Choosing a whitewater paddle – with Heidi Walsh
Posted on Friday 18th November, 2022
Heidi Walsh – is a true renaissance paddler, she represents team GB in freestyle kayaking, but is just as likely found on expedition in Nepal, or coaching her students on Scottish creeks. Her background as an athlete is also in triathlon and strength and conditioning. We asked Heidi about her choice of paddles:
My choice of paddle for freestyle and whitewater kayaking
I am 165 cm tall and weigh 65 kg. I’m a fair bit smaller than most of the boys and so my paddles may not be as someone taller, but I choose the larger blade area designs of the Pro and Flyte over the less aggressive Creeker shape for the acceleration they help me achieve.
Because I do lots of different disciplines, I find that I change which paddles I use quite often. I find that I don’t need time to get used to the different paddle and that I can use the different features to my advantage.
For playboating what do you choose?
For freestyle, I use the Aircore Pro carbon crank paddles with the standard blade size. They’re lightweight and stiff, which makes them powerful and responsive. I love using a crank shaft for freestyle. It helps me to put my hands in the exact same place every session and my hands don’t slip. Also I never get wrist pain with cranks so I can train all day.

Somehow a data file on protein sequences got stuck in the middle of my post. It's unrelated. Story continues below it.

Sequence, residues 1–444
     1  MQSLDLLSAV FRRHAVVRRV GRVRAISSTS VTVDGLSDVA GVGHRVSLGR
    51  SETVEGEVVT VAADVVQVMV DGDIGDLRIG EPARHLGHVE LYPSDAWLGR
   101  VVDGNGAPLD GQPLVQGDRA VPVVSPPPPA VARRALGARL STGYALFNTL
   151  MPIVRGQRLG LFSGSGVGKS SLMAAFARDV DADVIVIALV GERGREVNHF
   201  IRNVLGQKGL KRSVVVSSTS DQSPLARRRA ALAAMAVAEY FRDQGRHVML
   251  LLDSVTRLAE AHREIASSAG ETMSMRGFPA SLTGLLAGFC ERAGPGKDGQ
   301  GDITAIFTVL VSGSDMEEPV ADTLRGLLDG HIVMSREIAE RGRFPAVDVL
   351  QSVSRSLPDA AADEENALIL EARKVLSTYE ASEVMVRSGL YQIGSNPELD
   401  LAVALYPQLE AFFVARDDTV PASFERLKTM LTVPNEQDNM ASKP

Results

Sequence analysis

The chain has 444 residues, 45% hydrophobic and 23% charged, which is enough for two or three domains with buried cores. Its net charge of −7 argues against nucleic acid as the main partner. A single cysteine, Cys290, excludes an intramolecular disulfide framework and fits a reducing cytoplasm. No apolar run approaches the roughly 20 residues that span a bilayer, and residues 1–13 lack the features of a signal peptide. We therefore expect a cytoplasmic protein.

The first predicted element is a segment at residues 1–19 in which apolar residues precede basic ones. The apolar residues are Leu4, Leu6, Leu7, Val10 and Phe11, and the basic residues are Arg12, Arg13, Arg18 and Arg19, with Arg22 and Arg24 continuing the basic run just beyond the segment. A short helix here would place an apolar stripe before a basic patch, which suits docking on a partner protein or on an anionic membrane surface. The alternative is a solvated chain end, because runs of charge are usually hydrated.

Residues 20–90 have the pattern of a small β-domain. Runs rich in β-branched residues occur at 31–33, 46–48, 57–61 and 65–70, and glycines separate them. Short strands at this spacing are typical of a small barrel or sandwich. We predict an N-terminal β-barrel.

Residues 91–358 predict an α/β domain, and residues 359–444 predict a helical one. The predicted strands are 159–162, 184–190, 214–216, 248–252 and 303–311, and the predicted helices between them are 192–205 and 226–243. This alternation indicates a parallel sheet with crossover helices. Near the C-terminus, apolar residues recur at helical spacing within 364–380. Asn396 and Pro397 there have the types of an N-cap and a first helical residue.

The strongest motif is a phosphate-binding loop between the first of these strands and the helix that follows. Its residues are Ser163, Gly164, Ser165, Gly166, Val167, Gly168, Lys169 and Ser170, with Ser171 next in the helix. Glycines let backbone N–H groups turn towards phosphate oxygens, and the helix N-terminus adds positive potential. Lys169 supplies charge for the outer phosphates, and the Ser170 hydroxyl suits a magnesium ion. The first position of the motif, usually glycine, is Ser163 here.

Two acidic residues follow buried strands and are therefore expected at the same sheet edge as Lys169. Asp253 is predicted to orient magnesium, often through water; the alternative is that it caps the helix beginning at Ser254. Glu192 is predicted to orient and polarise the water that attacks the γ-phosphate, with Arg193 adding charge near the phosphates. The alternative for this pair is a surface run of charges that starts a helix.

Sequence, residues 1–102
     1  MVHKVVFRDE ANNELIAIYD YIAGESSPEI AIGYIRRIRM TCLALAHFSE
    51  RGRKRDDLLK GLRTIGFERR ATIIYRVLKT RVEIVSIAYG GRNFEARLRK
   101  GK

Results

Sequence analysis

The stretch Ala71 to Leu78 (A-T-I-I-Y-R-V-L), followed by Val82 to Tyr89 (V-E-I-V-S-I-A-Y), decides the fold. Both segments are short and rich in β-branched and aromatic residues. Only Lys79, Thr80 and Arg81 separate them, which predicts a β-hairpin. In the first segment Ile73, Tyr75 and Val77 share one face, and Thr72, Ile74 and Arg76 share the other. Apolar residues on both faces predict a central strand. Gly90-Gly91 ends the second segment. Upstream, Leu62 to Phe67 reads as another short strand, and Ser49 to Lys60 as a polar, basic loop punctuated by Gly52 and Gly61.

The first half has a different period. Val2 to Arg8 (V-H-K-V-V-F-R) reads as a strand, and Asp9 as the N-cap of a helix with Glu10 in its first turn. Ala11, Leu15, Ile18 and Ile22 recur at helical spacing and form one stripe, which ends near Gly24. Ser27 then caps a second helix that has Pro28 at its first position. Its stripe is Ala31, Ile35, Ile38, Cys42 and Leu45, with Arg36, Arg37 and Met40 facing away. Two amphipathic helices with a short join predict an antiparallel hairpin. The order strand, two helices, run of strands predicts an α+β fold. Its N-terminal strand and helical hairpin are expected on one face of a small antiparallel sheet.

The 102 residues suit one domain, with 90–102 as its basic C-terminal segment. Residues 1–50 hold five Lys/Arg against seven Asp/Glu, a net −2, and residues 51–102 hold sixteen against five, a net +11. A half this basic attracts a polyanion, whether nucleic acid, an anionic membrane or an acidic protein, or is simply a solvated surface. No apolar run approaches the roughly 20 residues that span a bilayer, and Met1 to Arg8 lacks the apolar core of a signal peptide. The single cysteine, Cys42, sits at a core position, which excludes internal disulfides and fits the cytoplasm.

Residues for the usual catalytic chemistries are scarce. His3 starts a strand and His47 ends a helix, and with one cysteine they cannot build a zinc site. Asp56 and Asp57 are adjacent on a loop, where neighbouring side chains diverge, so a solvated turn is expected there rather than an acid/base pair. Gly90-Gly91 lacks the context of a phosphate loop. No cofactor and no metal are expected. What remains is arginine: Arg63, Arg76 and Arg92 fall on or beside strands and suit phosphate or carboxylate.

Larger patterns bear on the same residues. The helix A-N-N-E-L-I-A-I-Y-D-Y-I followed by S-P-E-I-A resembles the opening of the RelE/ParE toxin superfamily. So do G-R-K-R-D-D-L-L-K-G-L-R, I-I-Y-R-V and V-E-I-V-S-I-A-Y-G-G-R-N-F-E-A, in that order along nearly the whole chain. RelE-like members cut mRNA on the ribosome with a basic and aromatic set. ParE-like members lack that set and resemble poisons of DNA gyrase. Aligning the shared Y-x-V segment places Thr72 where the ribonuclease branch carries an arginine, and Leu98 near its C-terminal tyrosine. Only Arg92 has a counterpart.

I go for 187 cm and ten degrees. Really short! I find that I don’t trip over my paddles when they’re this short and that's a key to the sort of moves I’m trying to do where you are under and over the boat with a lot of trunk rotation.
And for whitewater, what’s your choice?
For creeking, I use a full carbon straight, split-shaft Flyte. I’ve found them lightweight and fast, which helped me get eighth place at this year's Oetz Trophy and held up well on Norwegian rivers this season. I’m just about to switch to glass blades, because on the river I don’t go easy on my paddles and I know that these are going to be absolutely bomber. I like 197 cm, 30 degrees as the extra length gives me a good amount of power and leverage when in a creek boat.
I find that the blade shape of the Flytes, with a little smoother catch, makes them really good for river running versus when I really need to put the power down, like in big freestyle moves, then the bigger Pros are well suited for that.
Any little gems on your VE setup?
Fun fact, did you know that you can ask VE nicely to change the crank placement on your shaft? That means that if you swap paddles as often as I do, you can always hold them in the same place and keep some familiarity.